-- Bernie Reeves, founder of The Raleigh Spy Conference, American Thinker

Diana West’s American Betrayal — a remarkable, novel-like work of sorely needed historical re-analysis — is punctuated by the Cassandra-like quality of “multi-temporal” awareness. ... But West, although passionate and direct, is able to convey her profoundly disturbing, multi-temporal narrative with cool brilliance, conjoining meticulous research, innovative assessment, evocative prose, and wit.

-- Andrew G. Bostom, PJ Media

Do not be dissuaded by the controversy that has erupted around this book which, if you insist on complete accuracy, would be characterized as a disinformation campaign.

-- Jed Babbin, The American Spectator

The most important anti-Communist book of our time. ... Mrs. West is one of the most important writers on the strategic and moral consequences of Communist penetration of the U.S. Government.

-- J.R. Nyquist, contributor, And Reality Be Damned ... What Media Didn't Tell You about the End of the Cold War and the Fall of Communism in Europe

The polemics against your Betrayal have a familiar smell: The masters of the guild get angry when someone less worthy than they are ventures into the orchard in which only they are privileged to harvest. The harvest the outsider brought in, they ritually burn.

-- Hans Jansen, former professor of Islamic Thought, University of Utrecht 

West's lesson to Americans: Reality can't be redacted, buried, fabricated, falsified, or omitted. Her book is eloquent proof of it.

-- Edward Cline, Family Security Matters

In American Betrayal, Ms. West's well-established reputation for attacking "sacred cows" remains intact. The resulting beneficiaries are the readers, especially those who can deal with the truth.

-- Wes Vernon, Renew America

After reading American Betrayal and much of the vituperation generated by neoconservative "consensus" historians, I conclude that we cannot ignore what West has demonstrated through evidence and cogent argument.

-- John Dale Dunn, M.D., J.D., Journal of American Physicians and Surgeons

Enlightening. I give American Betrayal five stars only because it is not possible to give it six.

-- John Dietrich, formerly of the Defense Intelligence Agency and author of The Morgenthau Plan: Soviet Influence on American Postwar Policy.

If you're looking for something to read, this is the most dazzling, mind-warping book I have read in a long time. It has been criticized by the folks at Front Page, but they don't quite get what Ms. West has set out to do and accomplished. I have a whole library of books on communism, but -- "Witness" excepted -- this may be the best.

-- Jack Cashill, author of Deconstructing Obama: The Lives, Loves and Letters of America's First Postmodern President and First Strike: TWA Flight 800 and the Attack on America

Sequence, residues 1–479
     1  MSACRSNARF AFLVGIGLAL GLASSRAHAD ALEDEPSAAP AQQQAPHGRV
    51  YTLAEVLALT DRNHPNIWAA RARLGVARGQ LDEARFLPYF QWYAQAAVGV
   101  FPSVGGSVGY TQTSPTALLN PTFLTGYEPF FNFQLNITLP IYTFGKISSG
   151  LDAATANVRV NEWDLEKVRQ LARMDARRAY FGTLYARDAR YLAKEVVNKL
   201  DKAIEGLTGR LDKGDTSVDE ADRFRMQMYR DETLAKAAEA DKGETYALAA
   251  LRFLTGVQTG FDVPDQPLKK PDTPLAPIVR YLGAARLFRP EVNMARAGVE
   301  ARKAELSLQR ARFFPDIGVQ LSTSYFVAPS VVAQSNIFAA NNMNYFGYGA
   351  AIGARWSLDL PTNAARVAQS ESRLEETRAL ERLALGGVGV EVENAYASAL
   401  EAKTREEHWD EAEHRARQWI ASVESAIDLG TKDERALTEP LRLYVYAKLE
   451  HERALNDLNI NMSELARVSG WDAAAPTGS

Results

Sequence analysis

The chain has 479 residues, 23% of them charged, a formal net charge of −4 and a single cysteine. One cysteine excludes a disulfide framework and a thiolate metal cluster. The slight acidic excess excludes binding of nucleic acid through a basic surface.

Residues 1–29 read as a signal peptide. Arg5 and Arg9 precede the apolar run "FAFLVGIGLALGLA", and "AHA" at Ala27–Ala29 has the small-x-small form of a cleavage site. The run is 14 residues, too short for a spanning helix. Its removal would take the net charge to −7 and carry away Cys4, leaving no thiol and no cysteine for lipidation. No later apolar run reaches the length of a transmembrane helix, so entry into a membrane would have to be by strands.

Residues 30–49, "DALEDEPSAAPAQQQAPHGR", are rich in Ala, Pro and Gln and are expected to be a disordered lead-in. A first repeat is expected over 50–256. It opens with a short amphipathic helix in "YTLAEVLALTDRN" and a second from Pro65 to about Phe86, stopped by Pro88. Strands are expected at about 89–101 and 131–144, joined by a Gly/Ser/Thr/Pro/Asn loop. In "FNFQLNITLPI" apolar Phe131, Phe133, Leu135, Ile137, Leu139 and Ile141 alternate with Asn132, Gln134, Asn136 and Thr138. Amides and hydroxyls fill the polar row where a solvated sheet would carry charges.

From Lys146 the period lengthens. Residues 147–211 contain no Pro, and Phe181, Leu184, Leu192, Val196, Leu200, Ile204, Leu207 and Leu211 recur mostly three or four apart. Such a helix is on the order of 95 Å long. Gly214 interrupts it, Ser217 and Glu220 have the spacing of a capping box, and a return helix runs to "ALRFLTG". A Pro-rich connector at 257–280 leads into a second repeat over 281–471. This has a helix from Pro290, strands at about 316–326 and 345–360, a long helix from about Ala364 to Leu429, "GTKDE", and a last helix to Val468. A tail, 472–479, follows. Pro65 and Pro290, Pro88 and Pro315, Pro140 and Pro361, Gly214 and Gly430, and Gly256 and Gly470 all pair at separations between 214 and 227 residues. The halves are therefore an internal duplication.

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I am sorry to say that Henry Hyde, the former US representative from Illinois, has died at age 83. As a cub reporter, I was given the opportunity to spend some time with this kind, stately and honorable congressman working on a profile. And what a profile--his, I mean: memorably sharp and chiseled.

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At a closed-door session during the Munich Conference--I mean, the Annapolis Conference--Condoleezza Rice spoke of the empathy she feels for both Palestinian Arabs and Israelis due to her childhood in Birmingham, Alabama "at a time of separation and tension" in the segregated South. According to the Washington Post, Rice's remarks went like this:

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Yesterday, I had the wonderful opportunity to give a talk at the Heritage Foundation in Washington, DC, about my book, The Death of the Grown-Up. It was particularly nice event given that it was moderated by Heritage's Helle Dale who, back in the days when she, as they say, "helmed" the editorial page of the Washington Times, invited me to contribute a column to the op-ed page, thus beginning my incarnation as a weekly columnist. That was in 1999. She later hired me as an editorial writer as well, a job I much enjoyed before leaving it in 2002, basically, to settle down a little to try to write The Death of the Grown-Up...

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Every story about Saudi Arabia's participation in the Munich Conference--I mean, Annapolis Conference--reports the fact that the Saudis have pre-emptively trumpeted their refusal to shake hands with the Israelis. Well, who wants to shake hands with the Saudis? It's not only that 15 of the 19 hijackers were Saudis, that most of the foreign fighters in Iraq are Saudi, that its state-run mosques regularly demonize Jews, Americans and other infidels. It is a barbaric country, where freedom of conscience and equality before the law are denied, and where mercy and compassion have no place.